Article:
Exercising whilst underweight and/or under-fuelled.

What’s the harm?

When I was stuck in my punitive, compulsive exercise regime in the midst of my battle with Anorexia, I was convinced my workouts were doing ‘something’.

Losing fat, gaining muscle, maintaining or reducing weight…any/all of it, I didn’t really know but I thought exercise was one of the biggest players in my self-destructive mission.

In the years since, my perspective and understanding have seen a huge shift, as I’ve learnt just how counterintuitive exercise is when you’re body is under-fuelled and/or under-weight, and just how little influence exercise has in our body based make up.

We’re often told ‘more is better’, but this just isn’t true, especially if you’re working with an already struggling human based system. To reap any benefits of exercise, mental or physical, you have to appreciate the impact the multiple demands have on your body. It’s only by using up nutrients and breaking down muscle tissue that we are able to rebuild ourselves, and become stronger. Without the correct nutrition, frequent replenishment, ample rest, and appropriate stress management, exercise will not serve you in the way you may think (or be told).

Not only that, research suggests that overall, exercise has very little impact on your weight. Our bodies are wired by evolution to survive and reproduce. As a result, they fight hard to keep our daily energy intake and expenditure within a narrow, unique range, regardless of our lifestyle.

So, what does this mean?!

This means we don’t need to spend hours at the gym, we don’t need to push our bodies to extremes, and we don’t need to compulsively exercise. Doing so, means we’re often fighting against the natural, dynamic, and VERY complex internal system which has more of a say over any of this than you’ve probably been led to believe, and that your lifestyle choices ever will.

So what was happening to me (and now maybe to you) when I was exercising whilst underweight and under-fuelled?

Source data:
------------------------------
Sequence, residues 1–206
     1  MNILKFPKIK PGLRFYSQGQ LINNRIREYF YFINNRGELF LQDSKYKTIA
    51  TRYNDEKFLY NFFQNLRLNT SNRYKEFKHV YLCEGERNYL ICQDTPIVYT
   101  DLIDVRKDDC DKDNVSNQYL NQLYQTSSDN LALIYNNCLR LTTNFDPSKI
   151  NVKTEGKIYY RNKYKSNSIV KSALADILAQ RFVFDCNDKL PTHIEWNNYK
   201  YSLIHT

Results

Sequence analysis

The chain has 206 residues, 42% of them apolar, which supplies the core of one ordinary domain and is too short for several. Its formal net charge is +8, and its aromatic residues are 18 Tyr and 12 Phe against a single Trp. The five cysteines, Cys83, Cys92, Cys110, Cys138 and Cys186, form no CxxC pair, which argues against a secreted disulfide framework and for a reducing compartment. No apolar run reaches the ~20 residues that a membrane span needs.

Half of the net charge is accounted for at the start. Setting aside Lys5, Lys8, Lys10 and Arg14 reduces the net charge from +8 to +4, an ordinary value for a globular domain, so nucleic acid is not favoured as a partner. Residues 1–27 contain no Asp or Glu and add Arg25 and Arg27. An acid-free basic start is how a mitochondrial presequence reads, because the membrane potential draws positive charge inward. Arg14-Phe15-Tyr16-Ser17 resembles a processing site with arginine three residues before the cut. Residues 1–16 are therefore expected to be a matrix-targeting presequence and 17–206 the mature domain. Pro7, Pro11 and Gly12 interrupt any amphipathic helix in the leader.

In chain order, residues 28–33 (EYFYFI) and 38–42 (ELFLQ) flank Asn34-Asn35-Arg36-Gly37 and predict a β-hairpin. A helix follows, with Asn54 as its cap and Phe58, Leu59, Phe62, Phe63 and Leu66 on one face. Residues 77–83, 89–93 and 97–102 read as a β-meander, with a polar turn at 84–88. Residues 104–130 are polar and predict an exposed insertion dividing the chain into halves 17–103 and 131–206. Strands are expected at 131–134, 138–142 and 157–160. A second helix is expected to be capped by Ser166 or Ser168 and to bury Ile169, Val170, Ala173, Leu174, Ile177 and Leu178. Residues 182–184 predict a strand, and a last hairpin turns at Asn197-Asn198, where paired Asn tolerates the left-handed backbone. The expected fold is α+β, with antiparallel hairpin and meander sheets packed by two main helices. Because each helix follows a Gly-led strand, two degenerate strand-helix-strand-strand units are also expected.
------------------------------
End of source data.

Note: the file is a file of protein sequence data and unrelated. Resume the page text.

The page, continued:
• Often, I became injured. Why? Because my body didn’t have the ability to withstand high levels of activity due to a reduction in muscle mass and strength. My joints were unsupported and weak, and exercising on top of this only made them weaker. 
  • I developed Osteoporosis, and was highly prone to stress fractures from even low impact exercise such as walking. Lots of the research and self-help information you’ll read about Osteoporosis tells you to engage in strength based exercise. This is true, and it’s something I do a lot of for that very reason. But this does NOT apply to everyone. (There is a huge lack of research and support for those who develop Osteoporosis – often at a young age – as a result of disordered eating). Exercising (in whatever form) whilst underweight will be counter productive to gaining greater bone density, and you will continue to put yourself at risk of either developing the disease in the first place, or making it worse by reducing your bone density further. It’s only through regaining weight in the first instance that will then allow you to reap the benefits of resistance focused exercise for improving bone density. 

  • Both my cardiovascular system and circulatory system (amongst others) were placed under extreme stress. My heart muscle had shrunk, and my altered blood chemicals (due to poor nutrition, and constant restriction) meant I had low blood pressure, altered heart rhythms, dizziness and I often felt faint. Your brilliant body is resilient, but it can’t do something on nothing. Looking back now, I really believe I was so lucky it didn’t just stop altogether.